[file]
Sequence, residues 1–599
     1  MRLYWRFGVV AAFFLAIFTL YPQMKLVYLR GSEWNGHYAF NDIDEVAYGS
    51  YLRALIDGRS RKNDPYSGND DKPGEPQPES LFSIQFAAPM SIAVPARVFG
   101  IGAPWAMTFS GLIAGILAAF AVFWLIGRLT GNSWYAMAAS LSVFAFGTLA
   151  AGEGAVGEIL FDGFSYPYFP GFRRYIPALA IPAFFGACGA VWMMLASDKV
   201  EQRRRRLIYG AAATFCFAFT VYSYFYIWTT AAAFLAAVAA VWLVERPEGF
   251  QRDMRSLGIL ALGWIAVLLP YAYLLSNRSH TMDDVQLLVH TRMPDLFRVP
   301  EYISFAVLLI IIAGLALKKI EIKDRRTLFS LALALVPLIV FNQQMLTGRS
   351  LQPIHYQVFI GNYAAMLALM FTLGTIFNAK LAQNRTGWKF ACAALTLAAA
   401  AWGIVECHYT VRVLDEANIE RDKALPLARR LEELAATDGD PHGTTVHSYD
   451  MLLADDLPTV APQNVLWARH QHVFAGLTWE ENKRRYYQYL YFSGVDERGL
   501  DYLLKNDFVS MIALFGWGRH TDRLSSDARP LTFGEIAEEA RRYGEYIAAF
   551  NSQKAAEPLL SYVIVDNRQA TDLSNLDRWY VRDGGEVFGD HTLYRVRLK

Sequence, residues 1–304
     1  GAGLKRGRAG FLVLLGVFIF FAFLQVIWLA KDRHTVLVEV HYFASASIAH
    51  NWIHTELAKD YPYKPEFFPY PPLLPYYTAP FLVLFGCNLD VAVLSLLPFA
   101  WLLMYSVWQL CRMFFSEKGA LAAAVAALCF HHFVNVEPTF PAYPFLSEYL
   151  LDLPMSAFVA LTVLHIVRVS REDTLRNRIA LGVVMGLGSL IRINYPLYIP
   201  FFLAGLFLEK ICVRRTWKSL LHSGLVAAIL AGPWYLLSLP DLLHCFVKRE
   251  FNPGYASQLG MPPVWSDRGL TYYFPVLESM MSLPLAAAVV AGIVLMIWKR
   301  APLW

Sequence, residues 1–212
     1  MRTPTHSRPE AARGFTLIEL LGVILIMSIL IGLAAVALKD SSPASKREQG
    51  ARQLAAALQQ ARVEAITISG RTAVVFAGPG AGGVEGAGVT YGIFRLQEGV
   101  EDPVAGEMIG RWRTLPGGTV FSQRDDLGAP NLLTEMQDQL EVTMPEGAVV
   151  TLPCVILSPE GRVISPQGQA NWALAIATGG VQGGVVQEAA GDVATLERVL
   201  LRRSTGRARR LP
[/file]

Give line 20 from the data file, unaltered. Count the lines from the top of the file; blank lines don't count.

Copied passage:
   251  FNPGYASQLG MPPVWSDRGL TYYFPVLESM MSLPLAAAVV AGIVLMIWKR